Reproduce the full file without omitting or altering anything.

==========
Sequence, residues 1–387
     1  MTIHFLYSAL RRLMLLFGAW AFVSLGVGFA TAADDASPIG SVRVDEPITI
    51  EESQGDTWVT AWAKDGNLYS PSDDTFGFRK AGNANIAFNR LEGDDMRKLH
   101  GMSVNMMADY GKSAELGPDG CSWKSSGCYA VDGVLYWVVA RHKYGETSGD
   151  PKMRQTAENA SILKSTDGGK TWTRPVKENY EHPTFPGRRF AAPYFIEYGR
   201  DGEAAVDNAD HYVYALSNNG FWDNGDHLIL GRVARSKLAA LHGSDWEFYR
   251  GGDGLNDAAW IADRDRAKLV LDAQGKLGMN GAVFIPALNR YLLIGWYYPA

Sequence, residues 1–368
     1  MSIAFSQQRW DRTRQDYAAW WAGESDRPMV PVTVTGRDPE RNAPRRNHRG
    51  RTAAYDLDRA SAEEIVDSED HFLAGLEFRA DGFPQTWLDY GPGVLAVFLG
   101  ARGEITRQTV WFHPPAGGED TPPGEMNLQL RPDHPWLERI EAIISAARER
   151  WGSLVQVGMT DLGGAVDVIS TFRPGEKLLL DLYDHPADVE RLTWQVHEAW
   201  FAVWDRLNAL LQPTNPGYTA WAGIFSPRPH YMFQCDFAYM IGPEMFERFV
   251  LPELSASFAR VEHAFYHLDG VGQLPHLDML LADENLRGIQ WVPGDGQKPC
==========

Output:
Sequence, residues 1–387
     1  MTIHFLYSAL RRLMLLFGAW AFVSLGVGFA TAADDASPIG SVRVDEPITI
    51  EESQGDTWVT AWAKDGNLYS PSDDTFGFRK AGNANIAFNR LEGDDMRKLH
   101  GMSVNMMADY GKSAELGPDG CSWKSSGCYA VDGVLYWVVA RHKYGETSGD
   151  PKMRQTAENA SILKSTDGGK TWTRPVKENY EHPTFPGRRF AAPYFIEYGR
   201  DGEAAVDNAD HYVYALSNNG FWDNGDHLIL GRVARSKLAA LHGSDWEFYR
   251  GGDGLNDAAW IADRDRAKLV LDAQGKLGMN GAVFIPALNR YLLIGWYYPA

Sequence, residues 1–368
     1  MSIAFSQQRW DRTRQDYAAW WAGESDRPMV PVTVTGRDPE RNAPRRNHRG
    51  RTAAYDLDRA SAEEIVDSED HFLAGLEFRA DGFPQTWLDY GPGVLAVFLG
   101  ARGEITRQTV WFHPPAGGED TPPGEMNLQL RPDHPWLERI EAIISAARER
   151  WGSLVQVGMT DLGGAVDVIS TFRPGEKLLL DLYDHPADVE RLTWQVHEAW
   201  FAVWDRLNAL LQPTNPGYTA WAGIFSPRPH YMFQCDFAYM IGPEMFERFV
   251  LPELSASFAR VEHAFYHLDG VGQLPHLDML LADENLRGIQ WVPGDGQKPC